Zoo Keeper Import Hands-On
We check out Success' action puzzle game for the Nintendo DS.
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Zoo Keeper is a recently released action puzzle game for the Nintendo DS. The game is a DS port of Robot Communication's puzzle game Zoo Keeper, which has already been released as a game for mobile phones, and also on the GBA and PS2 under the title of ZOOO. We recently tried out the final Japanese version of the game to see how it shaped up on the DS.
You'll find four different game modes to choose from in Zoo Keeper: tokoton 100, quest, time attack, and two-player battle. Each offers a variation on the core gameplay, which revolves around clearing animal symbols from your touch screen. The game mechanics are a variation on the classic Bejeweled, which is itself based on a slew of similar puzzle games. The rules in Zoo Keeper are simple: Your objective is to erase the animal symbols that fill up the screen by aligning them three in a row. The catch is that you'll get only one move to make a line of three or more, which keeps you on your toes.
Control in the game is as basic as it gets. You'll use the DS stylus to tap on the symbol of your choice and then tap the symbol you'd like it to swap places with. If you've done this properly, you'll create a line of three or more symbols that will then disappear. If you haven't gauged things properly, the pieces will simply revert to their original locations. Once you get the hang of the system, you can start to set up chains that will wipe out different lines in waves as new pieces come down to replace those that you clear. In addition, you can tap special symbols that appear occasionally to randomly clear the board of one type of symbol. Clearing symbols, either individually or in combos, will fill the time meter, which is on the left-hand side of the screen and runs down as you play. The simple system works well, and the stylus support is suitably responsive, which makes for a pleasantly addictive experience.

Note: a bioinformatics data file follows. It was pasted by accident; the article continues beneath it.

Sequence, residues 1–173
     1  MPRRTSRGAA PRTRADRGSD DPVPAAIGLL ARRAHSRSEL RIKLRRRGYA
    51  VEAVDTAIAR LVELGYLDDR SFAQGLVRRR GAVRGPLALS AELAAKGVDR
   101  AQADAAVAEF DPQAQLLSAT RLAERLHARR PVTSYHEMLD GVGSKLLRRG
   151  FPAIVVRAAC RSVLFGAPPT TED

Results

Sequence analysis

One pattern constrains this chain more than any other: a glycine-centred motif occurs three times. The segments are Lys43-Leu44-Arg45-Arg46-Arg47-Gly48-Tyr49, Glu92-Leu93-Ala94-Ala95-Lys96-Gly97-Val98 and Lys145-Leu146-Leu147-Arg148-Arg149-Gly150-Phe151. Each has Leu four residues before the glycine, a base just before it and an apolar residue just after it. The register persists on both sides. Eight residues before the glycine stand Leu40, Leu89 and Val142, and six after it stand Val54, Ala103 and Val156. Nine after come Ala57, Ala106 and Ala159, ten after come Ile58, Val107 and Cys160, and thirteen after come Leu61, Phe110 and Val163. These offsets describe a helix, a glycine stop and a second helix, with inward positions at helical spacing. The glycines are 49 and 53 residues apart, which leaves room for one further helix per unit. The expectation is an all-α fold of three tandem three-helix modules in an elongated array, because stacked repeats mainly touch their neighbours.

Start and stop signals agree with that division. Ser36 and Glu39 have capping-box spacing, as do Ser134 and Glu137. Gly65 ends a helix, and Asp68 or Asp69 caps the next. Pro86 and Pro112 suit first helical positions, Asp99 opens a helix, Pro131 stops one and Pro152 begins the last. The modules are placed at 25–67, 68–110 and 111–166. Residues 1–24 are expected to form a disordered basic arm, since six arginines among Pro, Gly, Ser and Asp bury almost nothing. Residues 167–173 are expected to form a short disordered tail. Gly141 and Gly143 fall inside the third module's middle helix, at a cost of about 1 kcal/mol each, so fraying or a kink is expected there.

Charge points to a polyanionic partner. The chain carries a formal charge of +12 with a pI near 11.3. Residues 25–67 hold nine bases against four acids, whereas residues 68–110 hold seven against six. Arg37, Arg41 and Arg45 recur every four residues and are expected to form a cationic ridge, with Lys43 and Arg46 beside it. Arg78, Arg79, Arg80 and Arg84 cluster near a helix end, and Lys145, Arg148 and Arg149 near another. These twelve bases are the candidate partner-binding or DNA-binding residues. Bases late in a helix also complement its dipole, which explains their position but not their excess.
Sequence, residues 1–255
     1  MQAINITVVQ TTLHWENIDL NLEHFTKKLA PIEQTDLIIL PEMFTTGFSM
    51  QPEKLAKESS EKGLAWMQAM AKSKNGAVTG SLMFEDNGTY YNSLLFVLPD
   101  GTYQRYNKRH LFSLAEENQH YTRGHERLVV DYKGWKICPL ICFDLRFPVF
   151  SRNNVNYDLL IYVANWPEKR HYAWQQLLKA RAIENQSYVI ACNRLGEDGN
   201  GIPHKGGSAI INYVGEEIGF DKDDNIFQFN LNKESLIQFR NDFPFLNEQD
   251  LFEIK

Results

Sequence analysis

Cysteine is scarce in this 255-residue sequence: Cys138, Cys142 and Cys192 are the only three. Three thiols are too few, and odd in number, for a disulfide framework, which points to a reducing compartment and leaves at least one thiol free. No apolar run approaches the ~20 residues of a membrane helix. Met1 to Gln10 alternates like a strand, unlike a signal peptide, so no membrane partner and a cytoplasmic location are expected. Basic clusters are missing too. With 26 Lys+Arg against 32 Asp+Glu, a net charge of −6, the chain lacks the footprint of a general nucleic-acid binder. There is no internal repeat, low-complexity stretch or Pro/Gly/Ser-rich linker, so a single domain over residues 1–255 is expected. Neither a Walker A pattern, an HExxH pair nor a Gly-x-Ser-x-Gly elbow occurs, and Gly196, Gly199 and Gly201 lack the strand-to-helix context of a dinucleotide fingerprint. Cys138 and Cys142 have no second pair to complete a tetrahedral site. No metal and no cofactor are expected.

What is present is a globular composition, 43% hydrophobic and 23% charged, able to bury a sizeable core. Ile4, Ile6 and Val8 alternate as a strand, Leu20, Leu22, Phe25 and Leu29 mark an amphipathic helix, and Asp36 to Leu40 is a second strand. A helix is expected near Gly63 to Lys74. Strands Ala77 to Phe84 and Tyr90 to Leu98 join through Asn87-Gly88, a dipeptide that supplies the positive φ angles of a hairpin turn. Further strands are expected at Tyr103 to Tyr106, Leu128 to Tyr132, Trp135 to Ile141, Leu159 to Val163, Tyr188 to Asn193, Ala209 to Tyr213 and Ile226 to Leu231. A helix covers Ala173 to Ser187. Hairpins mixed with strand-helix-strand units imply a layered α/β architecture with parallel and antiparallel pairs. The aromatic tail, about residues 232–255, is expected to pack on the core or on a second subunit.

The presentation, although modest, works well. The graphics in the game are simple and cartoony, with some inspired flashes of personality from the assorted animal symbols. The story sequences are basic cartoony segments that are low on animation but still have personality, thanks to their angular art style. The audio in the game features a pleasing mix of catchy tunes that suit the action well.
Overall, Zoo Keeper is solid little puzzler, offering an addictive experience that does a fine job of incorporating the DS's touch screen. If you're looking to import the game, you may want to hold off until its US release later this month, as the other game modes give you key info in Japanese. Zoo Keeper is out in Japan now and is set for release in the US later this month for the Nintendo DS. Look for more on the game in the coming months.
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